The Pre-Competition Period is when coaches begin putting athletes in low-level competitions, but not the meat and potatoes of the season.  For this reason, you still want to push the envelope.  But make sure you are giving the proper rest quantities!  3-5 minutes are pretty safe here.  Intensities are 85-90%.

Example:  9×90
Example:  6×120
Example:  6×150
Example:  2×250; 2×180

Pre-Competition Speed Endurance for High Jump:

Example:  1×120, 1×100, 1×80, 1×60
Example:  2×90; 2×70


Competition Period

If you’ve progressed safely and correctly, you can begin to work with SSE parameters during the Competition cycle.

Example:  1×150; 1×120; 1×110; 1×90
Example:  1×200; 2×150; 1×120
Example:  1×180; 1×150; 1×120; 1×90
Example:  2-3×90 – 120
Example:  4xSprint-Float-Sprint @ 60, 75, 90, 120, or 150

Sometimes, I will mask speed endurance work in the form of approach rehearsals.  An example of this would be if I wanted to do 2-3×90-120 meters, I make the first rep an approach rehearsal on the track.  Another example is making a session half approach rehearsal and the other half sprint-float-sprint, because those are similarly themed exercises.

More: Complete Program Design for the Jumping Events

Speed Endurance sessions only need to be done once a week for true jumpers.  Sprinter-Jumpers may need to do twice a week.  These sessions are followed by 48-hour recovery periods before the next intense (multi-jump, weight room, or track) session.

Do what you have to do to save posture and running mechanics.  If you have to cut parts of the workout, so be it.  From there, do the same workout again and try to get further along than last week.  Because the jumpers are not the best at understanding pacing and percentage efforts, it may take a few sessions to get the workout right.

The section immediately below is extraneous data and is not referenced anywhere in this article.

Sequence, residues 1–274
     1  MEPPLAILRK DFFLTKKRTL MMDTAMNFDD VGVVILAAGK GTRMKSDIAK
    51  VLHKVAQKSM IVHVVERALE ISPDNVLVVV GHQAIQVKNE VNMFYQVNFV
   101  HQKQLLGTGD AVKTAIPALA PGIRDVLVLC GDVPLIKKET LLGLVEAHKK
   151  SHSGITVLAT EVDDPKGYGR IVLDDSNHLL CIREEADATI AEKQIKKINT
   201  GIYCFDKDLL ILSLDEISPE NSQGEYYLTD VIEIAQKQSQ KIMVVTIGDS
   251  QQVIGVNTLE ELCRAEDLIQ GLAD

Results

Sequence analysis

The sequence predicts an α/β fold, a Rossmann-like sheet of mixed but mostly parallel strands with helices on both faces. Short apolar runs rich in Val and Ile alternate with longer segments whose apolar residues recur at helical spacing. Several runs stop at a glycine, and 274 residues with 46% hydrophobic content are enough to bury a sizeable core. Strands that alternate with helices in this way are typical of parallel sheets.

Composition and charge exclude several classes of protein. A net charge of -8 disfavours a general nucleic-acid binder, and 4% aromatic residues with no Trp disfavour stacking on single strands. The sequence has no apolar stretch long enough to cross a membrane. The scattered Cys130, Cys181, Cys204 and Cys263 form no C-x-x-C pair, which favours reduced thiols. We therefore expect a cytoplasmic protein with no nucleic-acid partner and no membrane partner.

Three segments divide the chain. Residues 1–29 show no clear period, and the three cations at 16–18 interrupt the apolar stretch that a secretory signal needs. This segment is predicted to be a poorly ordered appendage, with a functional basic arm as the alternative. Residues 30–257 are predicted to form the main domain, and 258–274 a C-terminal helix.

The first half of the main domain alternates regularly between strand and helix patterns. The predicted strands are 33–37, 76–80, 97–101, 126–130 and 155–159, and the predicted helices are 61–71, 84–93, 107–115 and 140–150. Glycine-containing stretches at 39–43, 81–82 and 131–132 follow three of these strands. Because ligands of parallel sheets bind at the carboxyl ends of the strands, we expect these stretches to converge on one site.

Be creative!  Try some of these samples and let me know your thoughts.  I enjoy sharing ideas with other coaches.  You can also follow me on Twitter @reubenajones, where I tend to get (and answer) some really good questions about jumps training.



How to Quickly and Easily Fix Common Errors in the Long Jump, High Jump, and Triple Jump.

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Reuben Jones - Reuben Jones begins his third year as an assistant track & field coach at Princeton, specializing in the women’s hurdle, jump and sprint events for the Tigers. During the 2018 season, Jones helped the women’s sprinters/hurdlers/jumpers record seven indoor marks and ten outdoor marks that rank within the school’s all-time top 10. Jones came to Princeton after spreading his wings at Columbia University. During his three years in New York City, his women earned 26 All-Ivy honors in the sprints and jumps including program records in the 60m, 60m hurdles, 100m, 100m hurdles, 400m relay, 800m relay and triple jump. Jones began his Ivy League coaching career with a two-year tenure at Brown University – working with the men’s and women’s jumps and multi-events. Jones saw the jump/multi-event group earn five All-Ivy honors and record 16 marks that rank within the school’s all-time top 10. Jones graduated from the University of Virginia in 2008 with a bachelor’s degree in sociology. He still holds the second fastest 60m and 100m times in school history.